History & Background, Constitutional & Legal Foundations, Secondary Education, Higher EducationEDUCATIONAL SYSTEM—OVERVIEW, PREPRIMARY & PRIMARY EDUCATION, FINANCE ADMINISTRATION & EDUCATIONAL RESEARCH, TEACHING PROFESSION, SUMMARY
|Official Country Name:||Burkina Faso|
|Language(s):||French, native African languages|
|Number of Primary Schools:||3,233|
|Compulsory Schooling:||7 years|
|Public Expenditure on Education:||1.5%|
|Foreign Students in National Universities:||755|
|Educational Enrollment:||Primary: 700,995|
|Educational Enrollment Rate:||Primary: 40%|
|Student-Teacher Ratio:||Primary: 50:1|
|Female Enrollment Rate:||Primary: 31%|
School enrollment in Burkina Faso is among the lowest in Africa. In 1992 primary enrollment reached 28 percent; roughly 37 percent of these students were girls. Free primary education is not compulsory. French is the primary language of instruction at all educational levels, and the academic year runs from October to June.
Burkinabe children attend primary school between the ages of 7 and 13. After six years of study, students must pass a final examination to receive a primary school certificate of completion. The student-teacher ratio is 64:1, notably higher than the 40:1 student-teacher ratio average for all of Sub-Saharan Africa.
The Ministry of Basic Education and the Ministry of Secondary and Higher Education oversee all curricula-based decisions regarding scheduling, examinations, grading, and syllabi.
Primary school teachers are usually required to complete lower secondary school, as well as a two-year program at the Ecole Nationale des Enseignants du Primaire, (ENEP) which awards graduates the Certificat de Fin d'Etudes des ENEP. Secondary school teachers are required to attend either a university or a teachertraining institute to earn a teaching license. Higher education teachers must hold doctoral degrees.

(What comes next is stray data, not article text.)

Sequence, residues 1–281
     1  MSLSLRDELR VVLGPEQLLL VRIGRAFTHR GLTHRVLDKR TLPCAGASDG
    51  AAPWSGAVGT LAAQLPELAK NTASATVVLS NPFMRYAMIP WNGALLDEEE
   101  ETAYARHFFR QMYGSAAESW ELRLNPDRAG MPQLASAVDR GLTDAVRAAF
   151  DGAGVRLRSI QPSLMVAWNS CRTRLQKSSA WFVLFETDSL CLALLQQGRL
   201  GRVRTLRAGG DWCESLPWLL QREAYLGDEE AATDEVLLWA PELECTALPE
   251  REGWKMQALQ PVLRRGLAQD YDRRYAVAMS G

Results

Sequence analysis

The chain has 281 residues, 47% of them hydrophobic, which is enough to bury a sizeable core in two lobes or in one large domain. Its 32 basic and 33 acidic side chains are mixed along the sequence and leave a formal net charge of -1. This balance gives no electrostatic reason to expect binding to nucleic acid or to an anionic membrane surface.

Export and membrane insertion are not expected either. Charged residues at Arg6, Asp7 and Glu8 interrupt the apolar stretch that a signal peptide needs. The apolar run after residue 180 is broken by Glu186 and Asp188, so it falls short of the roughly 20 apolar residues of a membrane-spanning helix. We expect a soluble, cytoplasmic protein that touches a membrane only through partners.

Despite improvements in school enrollment, mainly at the higher education level, literacy rates in Burkina Faso remain among the lowest in the world. Only 29.5 percent of males and 9.2 of females were considered literate in 1997. Education officials continue to examine methods of making education more accessible to all residents, particularly those in remote farming communities.
Grabe, Sven. Nonformal Education for Rural Development, Case Study No. 14: The Rural Education System in Upper Volta. Essex, Canada: International Council for Educational Development, 1972.
Haddad, Wadi D. The Dynamics of Education Policy-making: Case Studies of Burkina Faso, Jordan, Peru, and Thailand. Washington, DC: Economic Development Institute of the World Bank, 1994.
OSEAS-ADCEC. Burkina Faso: Education Profile. Washington, DC: Association of International Educators, 2000. Available from http://www.oead.ac.at.
U.S. Dept. of State. Background Notes: Burkina Faso. Washington, DC: GPO, 1998. Available from http://www.state.gov.
World Higher Education Database 2000. Burkina Faso—Education System. Paris: International Association of Universities/UNESCO International Centre on Higher Education, 1998-1999. Available from http://www.usc.edu.
—AnnaMarie L. Sheldon
- Bulgaria - History Background, Constitutional Legal Foundations, Educational System—overview, Preprimary Primary Education, Secondary Education
- Burkina Faso - History Background
- Burkina Faso - Constitutional Legal Foundations
- Burkina Faso - Secondary Education
- Burkina Faso - Higher Education